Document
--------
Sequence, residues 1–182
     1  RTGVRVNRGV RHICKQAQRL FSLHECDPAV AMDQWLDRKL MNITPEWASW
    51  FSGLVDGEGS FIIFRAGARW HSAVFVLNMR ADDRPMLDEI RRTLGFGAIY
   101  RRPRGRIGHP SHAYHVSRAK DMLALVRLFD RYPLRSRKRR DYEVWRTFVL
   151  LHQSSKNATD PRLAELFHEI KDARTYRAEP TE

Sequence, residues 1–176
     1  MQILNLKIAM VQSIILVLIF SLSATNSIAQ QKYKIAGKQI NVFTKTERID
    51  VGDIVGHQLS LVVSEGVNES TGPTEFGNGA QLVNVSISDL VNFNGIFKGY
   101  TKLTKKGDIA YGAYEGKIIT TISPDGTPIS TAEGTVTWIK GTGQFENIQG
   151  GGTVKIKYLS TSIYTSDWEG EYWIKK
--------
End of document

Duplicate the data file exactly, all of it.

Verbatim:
Sequence, residues 1–182
     1  RTGVRVNRGV RHICKQAQRL FSLHECDPAV AMDQWLDRKL MNITPEWASW
    51  FSGLVDGEGS FIIFRAGARW HSAVFVLNMR ADDRPMLDEI RRTLGFGAIY
   101  RRPRGRIGHP SHAYHVSRAK DMLALVRLFD RYPLRSRKRR DYEVWRTFVL
   151  LHQSSKNATD PRLAELFHEI KDARTYRAEP TE

Sequence, residues 1–176
     1  MQILNLKIAM VQSIILVLIF SLSATNSIAQ QKYKIAGKQI NVFTKTERID
    51  VGDIVGHQLS LVVSEGVNES TGPTEFGNGA QLVNVSISDL VNFNGIFKGY
   101  TKLTKKGDIA YGAYEGKIIT TISPDGTPIS TAEGTVTWIK GTGQFENIQG
   151  GGTVKIKYLS TSIYTSDWEG EYWIKK